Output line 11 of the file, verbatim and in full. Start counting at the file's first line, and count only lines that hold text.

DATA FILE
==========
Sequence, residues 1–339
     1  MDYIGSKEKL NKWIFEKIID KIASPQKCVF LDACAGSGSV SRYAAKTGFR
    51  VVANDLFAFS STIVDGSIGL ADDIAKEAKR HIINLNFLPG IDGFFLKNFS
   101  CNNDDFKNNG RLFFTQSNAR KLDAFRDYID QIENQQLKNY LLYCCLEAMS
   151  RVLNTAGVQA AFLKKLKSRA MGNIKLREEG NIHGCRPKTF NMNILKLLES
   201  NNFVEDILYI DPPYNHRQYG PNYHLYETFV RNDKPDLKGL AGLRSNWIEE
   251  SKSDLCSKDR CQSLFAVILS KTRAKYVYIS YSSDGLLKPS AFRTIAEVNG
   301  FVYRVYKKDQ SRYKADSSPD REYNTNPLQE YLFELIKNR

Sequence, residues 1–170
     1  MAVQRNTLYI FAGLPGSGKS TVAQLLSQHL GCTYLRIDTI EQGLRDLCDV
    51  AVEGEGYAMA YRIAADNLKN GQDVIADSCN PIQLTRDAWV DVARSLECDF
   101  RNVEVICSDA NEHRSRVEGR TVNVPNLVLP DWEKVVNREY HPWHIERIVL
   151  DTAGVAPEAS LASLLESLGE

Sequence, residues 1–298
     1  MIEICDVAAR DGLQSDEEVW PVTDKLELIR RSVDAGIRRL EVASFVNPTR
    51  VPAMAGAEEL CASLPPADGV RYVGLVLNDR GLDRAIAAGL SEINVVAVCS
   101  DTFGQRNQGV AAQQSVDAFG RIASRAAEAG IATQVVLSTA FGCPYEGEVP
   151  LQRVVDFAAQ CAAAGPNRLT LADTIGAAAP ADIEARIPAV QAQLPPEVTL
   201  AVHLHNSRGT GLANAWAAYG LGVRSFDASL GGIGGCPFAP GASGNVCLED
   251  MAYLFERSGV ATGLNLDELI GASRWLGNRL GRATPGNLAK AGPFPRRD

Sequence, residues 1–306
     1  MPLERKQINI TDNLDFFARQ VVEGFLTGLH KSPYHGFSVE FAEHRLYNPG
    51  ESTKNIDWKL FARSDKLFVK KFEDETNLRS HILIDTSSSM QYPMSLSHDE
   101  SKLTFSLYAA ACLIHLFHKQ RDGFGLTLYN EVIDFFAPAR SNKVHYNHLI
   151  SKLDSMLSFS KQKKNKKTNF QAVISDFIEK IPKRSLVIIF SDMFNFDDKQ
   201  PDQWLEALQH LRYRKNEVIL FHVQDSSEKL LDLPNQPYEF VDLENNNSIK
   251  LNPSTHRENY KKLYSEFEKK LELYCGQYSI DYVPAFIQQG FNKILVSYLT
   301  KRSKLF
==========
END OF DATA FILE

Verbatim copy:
    51  AVEGEGYAMA YRIAADNLKN GQDVIADSCN PIQLTRDAWV DVARSLECDF